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The Theory of Evolution and the Corona Virus 

Views | 7 April 2020
Fascinating stuff and provides a good explanation as to where we are today, but also where we are heading, the evolution of SARS to MERS to Covid-19 is certainly only the beginning, somewhere out there is already Covid-Plus virus ready to take the battle to an even higher plain. Darwin told us 250 years ago. Why didn’t we listen? iStock/NOW!JAKARTA

The amateur scientists, the real experts, both scientific and medical who don’t always agree, the TV pundits and the social media no-bell winners are having a field day. The world’s knowledge on viral outbreaks is at an all-time high with at least 3,258 conflicting theories about the origin, the transmission and the treatment of the novel coronavirus Covid-19. But very few people really understand where life comes from and how it has evolved. To understand that we have to go back to Charles Darwin and Alfred Russell Wallace and the very start of the exploration into The Origins of the Species 250 years ago. 

The Evolution of Darwin’s Theory of Evolution

Darwin’s theory is based on the notion of variation. It argues that the numerous traits and adaptations that differentiate species from each other also explain how species evolved over time and gradually diverged. Variations in organisms are apparent both within domesticated species and within species throughout the natural world. Variations in colours, structures, organs and physical traits differentiate a multitude of species from one another. Heredity is the mechanism that perpetuates variations, Darwin argues, as traits are passed from parents to offspring. What is important about these variations to Darwin, though, is the way they allow species to adapt and survive in the natural world. He gives numerous examples of variations that illustrate the wondrous adaptations that allow species to survive in their natural environments: the beak that allows the woodpecker to gather insects, the wings that allow the bat to fly, the paddles that allow the porpoise to swim and so on. Darwin hypothesizes that the minor variations we see within a single species—such as variations in size, shape and colour of organisms—are related to the more distinct variations seen across different species. His theory of evolution explains how variations cause the origin of species.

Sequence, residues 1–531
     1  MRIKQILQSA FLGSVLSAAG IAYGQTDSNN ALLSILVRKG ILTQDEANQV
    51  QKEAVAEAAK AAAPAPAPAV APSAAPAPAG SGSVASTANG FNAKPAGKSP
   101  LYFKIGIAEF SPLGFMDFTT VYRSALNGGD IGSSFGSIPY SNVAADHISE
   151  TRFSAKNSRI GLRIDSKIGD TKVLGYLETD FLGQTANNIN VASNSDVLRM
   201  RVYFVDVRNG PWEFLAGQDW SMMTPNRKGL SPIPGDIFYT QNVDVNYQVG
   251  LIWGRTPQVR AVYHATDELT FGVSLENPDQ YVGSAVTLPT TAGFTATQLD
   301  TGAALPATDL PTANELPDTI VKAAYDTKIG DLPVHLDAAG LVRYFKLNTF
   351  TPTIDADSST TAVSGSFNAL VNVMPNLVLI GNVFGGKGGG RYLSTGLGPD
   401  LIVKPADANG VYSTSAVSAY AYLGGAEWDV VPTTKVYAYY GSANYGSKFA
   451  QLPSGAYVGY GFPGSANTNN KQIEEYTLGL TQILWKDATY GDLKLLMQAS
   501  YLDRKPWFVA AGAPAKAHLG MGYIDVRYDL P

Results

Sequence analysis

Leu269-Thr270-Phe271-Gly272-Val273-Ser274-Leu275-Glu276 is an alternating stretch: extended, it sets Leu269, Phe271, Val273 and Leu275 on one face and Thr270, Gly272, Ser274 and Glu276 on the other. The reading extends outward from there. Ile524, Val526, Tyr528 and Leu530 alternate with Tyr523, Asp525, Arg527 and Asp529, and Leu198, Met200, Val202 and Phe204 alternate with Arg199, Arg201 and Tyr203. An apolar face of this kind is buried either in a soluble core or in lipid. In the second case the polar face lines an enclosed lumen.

But does this apply to viruses? Are they really a lifeform that evolves

For about 100 years, the scientific community has repeatedly changed its collective mind over what viruses are. First seen as poisons, then as life-forms, then biological chemicals, viruses today are thought of as being in a grey area between living and non-living: they cannot replicate on their own but can do so in truly living cells and can also affect the behaviour of their hosts profoundly. The categorization of viruses as non-living during much of the modern era of biological science has had an unintended consequence: it has led most researchers to ignore viruses in the study of evolution. Finally, however, scientists are beginning to appreciate viruses as fundamental players in the history of life.

What would Darwin have made of this if he had known about viruses?